A few months ago we did something completely out-of-the-ordinary for our church. We handed the service over to the kids. All but the sermon, that is. They greeted. They passed out bulletins. They led the worship. One said the morning prayer. A few did the announcements. All in all, it went surprisingly well. It was a great chance for the kids to feel like they were a real part of the body of Christ (they are, after all!). It was also a great time for the congregation to see what super kids we have here at church!
Interested in something similar at your church? Here’s a few tips to consider:
Practice, Practice, Practice!
After we picked out the songs for the day, we practiced them about a month before hand. We do motions with our songs, and that seems to help kids learn the songs better. I’m a big fan of sign language (I get my motions at aslpro.com) — this keeps the motions consistent for all the songs. Even with all that practice, I still stood in the back of the sanctuary to do the motions for the kids as they did them on stage. This helped with the stage fright factor.
Pick appropriate songs.
Older congregation members aren’t going to want to dance around and spin during worship time — especially if you have a pretty traditional church. We did some upbeat versions of hymns and a few slower choruses.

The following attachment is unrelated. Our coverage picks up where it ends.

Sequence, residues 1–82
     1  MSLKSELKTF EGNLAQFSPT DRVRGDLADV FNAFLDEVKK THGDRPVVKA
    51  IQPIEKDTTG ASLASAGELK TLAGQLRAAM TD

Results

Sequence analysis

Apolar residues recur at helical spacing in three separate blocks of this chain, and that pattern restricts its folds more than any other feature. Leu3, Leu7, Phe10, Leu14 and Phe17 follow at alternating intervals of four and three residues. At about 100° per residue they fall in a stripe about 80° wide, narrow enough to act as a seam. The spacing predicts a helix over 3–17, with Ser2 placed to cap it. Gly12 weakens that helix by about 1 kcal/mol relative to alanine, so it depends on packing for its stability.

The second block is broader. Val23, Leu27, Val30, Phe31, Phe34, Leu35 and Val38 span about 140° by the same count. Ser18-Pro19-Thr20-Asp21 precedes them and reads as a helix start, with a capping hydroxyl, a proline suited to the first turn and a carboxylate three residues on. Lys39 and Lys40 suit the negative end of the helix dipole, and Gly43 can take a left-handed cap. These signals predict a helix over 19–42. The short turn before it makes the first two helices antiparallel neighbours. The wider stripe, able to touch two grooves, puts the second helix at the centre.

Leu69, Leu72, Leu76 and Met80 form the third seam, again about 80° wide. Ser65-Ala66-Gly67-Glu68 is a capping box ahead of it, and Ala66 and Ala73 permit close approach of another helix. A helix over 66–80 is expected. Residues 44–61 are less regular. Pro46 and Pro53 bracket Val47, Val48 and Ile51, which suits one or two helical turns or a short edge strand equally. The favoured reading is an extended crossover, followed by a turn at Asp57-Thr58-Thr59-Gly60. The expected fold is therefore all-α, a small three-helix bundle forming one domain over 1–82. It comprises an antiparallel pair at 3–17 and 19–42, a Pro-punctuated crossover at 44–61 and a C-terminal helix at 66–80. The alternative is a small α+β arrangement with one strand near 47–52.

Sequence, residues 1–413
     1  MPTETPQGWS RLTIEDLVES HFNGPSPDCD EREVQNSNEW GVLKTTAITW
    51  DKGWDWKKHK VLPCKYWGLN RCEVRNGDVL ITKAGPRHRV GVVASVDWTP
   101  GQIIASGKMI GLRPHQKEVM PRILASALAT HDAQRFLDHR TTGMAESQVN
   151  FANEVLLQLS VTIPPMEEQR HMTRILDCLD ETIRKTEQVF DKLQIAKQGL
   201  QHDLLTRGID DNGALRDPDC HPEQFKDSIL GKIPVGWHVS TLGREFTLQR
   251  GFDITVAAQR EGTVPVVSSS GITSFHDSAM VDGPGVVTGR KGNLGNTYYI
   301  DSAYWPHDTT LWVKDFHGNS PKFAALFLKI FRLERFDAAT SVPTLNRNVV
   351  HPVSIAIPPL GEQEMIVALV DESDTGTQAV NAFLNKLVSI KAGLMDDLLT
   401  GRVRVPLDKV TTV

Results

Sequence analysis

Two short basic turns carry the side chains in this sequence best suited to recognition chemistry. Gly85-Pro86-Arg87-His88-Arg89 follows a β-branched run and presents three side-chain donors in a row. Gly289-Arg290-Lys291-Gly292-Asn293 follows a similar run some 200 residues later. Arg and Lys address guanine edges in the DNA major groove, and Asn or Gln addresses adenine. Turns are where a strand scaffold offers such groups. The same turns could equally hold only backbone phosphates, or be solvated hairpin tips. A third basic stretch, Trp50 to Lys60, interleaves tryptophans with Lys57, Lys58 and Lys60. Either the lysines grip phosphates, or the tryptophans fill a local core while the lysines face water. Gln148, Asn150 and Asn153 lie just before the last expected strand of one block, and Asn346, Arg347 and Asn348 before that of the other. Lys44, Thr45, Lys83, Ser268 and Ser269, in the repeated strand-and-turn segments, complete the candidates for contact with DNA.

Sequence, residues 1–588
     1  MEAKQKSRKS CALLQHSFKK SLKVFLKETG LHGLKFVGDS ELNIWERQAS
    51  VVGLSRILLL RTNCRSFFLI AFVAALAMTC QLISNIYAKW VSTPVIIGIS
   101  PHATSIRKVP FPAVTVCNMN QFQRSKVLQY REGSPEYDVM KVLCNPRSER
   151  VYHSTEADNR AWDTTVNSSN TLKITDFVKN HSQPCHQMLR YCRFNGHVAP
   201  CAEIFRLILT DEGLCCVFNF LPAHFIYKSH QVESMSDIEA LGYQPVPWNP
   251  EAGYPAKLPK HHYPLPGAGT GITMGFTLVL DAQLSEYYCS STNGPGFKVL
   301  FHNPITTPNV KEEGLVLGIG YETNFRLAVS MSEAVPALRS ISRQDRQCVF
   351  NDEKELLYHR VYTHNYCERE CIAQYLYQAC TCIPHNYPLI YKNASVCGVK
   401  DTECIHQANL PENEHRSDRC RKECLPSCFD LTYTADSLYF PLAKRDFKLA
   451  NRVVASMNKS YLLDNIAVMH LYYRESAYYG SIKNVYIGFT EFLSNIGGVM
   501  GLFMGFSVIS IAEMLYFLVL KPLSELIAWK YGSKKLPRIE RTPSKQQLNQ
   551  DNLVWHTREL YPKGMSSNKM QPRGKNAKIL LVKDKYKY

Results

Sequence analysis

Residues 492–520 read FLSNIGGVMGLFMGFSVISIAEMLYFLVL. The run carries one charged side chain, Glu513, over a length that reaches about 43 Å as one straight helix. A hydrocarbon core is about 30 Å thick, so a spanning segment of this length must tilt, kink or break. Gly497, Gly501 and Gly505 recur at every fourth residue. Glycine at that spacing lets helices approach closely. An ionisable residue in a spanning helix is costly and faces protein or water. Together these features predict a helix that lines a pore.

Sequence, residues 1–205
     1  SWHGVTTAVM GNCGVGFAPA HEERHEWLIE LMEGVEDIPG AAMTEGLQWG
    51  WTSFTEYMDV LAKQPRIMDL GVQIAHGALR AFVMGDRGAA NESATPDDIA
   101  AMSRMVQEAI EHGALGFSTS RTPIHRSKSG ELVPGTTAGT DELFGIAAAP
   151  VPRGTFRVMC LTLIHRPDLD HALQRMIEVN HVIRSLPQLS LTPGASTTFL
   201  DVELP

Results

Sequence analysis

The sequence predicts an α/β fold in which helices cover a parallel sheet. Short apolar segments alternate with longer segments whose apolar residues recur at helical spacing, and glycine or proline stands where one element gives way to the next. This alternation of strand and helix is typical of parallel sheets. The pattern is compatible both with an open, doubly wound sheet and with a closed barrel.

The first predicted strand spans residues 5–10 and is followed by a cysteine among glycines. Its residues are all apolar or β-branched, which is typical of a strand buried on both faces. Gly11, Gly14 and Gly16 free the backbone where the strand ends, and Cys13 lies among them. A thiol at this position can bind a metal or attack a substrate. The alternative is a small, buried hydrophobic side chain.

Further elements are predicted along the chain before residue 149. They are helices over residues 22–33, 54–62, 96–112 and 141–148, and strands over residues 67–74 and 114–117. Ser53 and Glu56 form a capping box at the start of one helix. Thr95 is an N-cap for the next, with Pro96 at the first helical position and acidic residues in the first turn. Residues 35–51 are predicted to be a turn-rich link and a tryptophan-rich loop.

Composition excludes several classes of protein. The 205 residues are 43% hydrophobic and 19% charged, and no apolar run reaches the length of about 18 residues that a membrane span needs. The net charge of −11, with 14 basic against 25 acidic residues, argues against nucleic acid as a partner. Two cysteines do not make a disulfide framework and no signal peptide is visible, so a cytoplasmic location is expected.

Try to fit in something personal or fun.
Our pastor is a big cowboy hat fan and he loves to say the phrase “God is good all the time. All the time, God is good!”. We sang the song God is Good (Group Publishing), but before we started, we had all the kids put on cowboy hats. Everyone got a big kick out of that.
Train Your Greeters and Ushers
It’s one thing to watch greeters and ushers each week. It’s quite another to actually do the job! Have older kids do these jobs and have a “practice service” where they can perfect their skills before the big day. Recruit a few congregation members to act like they are attending a church service and have kids greet them and pass the offering plate like it’s the real deal.
Write Announcements Down
For kids who are doing announcements, give them a notecard with their announcement on it. This will help with stage fright. Also, you might want to write on the top, “You go after….” and fill in the appropriate name.
Have a Stage Director
Recruit one of your team members to let kids know when to go on stage, when to come down, and everything in between. You want the service to flow smoothly, so this part is pretty important.
Pray, Pray, Pray!
Of course, cover the day in prayer. You may draw in some parents, grandparents or other family members that don’t normally attend. What a great opportunity to show them that everyone is important in the body of Christ.
Hope it goes well for you!